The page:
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Lanes Crane Services makes best possible use of its new 450 Tadano

Lane's Crane Service of Moosic, Pennsylvania received an interesting lifting challenge from beverage bottling company Joriki USA recently; erect four 37-foot (11m) tall, 19,000 lb. (8.6t) tanks on the company's plant floorunder a 41-foot (12.5m) ceiling joist.



Lane’s AC 7.450-1 all-terrain crane, purchased from Tadano distributor Empire Crane, turned out to be the right machine for the job. The crane's extended 263-foot (80m) main boom, coupled with the Sideways Superlift System (SSL), eliminated the need for a luffing jib — something that saved on transportation costs and setup time.

Matthew Lane of Lane’s Crane Service, describes how well the recently purchased AC 7.450-1 performed on the challenging lift, “We chose this crane due to its long reach and ability to do the job with main boom only, as well as its efficiency when being assembled on site."



Assembly in less than three hours

The fact that no luffing jib was required not only ensured low transportation costs and fast assembly, but also reduced the space required for assembling the crane on the construction site. The AC 7.450-1 impressively demonstrated its high efficiency, as it took the crane operator and two crew members less than three hours to set up the machine with the 263-foot (80m) main boom in SSL configuration and full counterweight.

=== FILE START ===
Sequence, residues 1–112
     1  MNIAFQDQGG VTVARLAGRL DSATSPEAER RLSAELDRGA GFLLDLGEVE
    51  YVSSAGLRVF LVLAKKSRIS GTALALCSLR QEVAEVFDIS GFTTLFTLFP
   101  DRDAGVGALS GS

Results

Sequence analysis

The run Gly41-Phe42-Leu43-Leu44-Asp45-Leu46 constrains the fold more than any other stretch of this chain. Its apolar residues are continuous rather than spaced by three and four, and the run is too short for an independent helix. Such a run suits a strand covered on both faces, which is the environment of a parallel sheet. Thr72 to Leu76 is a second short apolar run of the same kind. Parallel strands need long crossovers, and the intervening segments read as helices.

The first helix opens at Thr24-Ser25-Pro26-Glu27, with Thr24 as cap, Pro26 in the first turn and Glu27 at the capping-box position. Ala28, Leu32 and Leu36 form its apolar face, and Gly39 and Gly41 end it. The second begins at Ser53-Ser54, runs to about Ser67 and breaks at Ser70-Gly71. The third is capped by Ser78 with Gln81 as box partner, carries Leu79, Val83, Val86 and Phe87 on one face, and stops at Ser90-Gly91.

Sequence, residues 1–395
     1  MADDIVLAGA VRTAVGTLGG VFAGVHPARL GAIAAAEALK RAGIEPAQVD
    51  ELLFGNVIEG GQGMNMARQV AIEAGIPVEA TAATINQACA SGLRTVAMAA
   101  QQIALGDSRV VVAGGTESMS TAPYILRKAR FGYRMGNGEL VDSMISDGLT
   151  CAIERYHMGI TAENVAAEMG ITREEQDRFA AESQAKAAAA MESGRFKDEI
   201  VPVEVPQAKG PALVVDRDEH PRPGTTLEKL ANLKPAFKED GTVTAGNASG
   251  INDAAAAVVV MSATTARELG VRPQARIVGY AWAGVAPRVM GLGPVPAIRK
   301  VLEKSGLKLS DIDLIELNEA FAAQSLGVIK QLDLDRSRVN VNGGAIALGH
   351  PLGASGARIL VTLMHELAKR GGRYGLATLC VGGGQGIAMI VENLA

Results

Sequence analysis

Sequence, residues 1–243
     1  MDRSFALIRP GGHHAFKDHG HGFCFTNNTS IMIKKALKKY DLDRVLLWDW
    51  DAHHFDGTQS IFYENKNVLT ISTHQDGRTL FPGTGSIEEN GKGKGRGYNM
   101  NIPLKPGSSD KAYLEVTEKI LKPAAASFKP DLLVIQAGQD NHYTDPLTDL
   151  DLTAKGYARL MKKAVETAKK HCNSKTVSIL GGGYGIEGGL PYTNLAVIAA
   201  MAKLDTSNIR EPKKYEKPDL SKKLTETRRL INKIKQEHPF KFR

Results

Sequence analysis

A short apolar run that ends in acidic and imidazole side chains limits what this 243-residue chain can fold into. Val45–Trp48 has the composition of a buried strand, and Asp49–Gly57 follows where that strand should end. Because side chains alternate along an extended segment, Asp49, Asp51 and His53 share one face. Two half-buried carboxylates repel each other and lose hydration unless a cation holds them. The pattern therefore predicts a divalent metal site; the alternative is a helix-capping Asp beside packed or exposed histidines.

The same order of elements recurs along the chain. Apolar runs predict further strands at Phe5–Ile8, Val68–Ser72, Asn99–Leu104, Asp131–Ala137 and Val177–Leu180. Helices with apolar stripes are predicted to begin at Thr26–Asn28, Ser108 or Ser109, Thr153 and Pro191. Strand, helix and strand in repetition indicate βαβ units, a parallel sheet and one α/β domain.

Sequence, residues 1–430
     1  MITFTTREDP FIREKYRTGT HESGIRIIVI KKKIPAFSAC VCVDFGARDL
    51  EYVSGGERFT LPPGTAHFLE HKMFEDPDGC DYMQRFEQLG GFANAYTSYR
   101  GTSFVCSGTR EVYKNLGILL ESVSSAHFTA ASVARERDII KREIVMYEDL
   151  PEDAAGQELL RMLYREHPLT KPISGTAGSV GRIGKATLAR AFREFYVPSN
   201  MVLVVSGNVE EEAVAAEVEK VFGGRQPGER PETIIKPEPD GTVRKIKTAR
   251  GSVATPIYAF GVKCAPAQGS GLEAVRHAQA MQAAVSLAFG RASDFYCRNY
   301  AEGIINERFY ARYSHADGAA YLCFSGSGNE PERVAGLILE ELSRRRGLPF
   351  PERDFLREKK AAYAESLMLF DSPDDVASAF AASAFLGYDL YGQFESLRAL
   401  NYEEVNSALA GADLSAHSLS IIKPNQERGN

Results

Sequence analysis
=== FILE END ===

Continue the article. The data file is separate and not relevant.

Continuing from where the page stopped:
Tadano America All-Terrain Product Manager Hutton Strader adds, "Tadano put a lot of thought into the design of this machine, which is effectively a 7-axle crane that competes like an 8-axle but has the space envelope closer to a 6-axle.  It’s a lot of strength and reach in a relatively compact package.”

 

Access through the hall roofThe lifts themselves presented the Lane’s Crane Service team with an interesting challenge: the four 37-foot (11m) tanks had to be set upright in the hall, which was only 41-foot (12.5m) high. Therefore, the only access for the lifts was through the roof of the hall. Small rectangular openings in the roof (exactly above the respective installation positions of the tanks), were created and were made just large enough for the hook block to fit through. The Lane’s Crane Service team used a 35,000 lb. (16t) forklift as a “tail crane” to stabilize the tanks during the lift at the other end. In this way, the team managed to safely install all four tanks in the shortest possible time.

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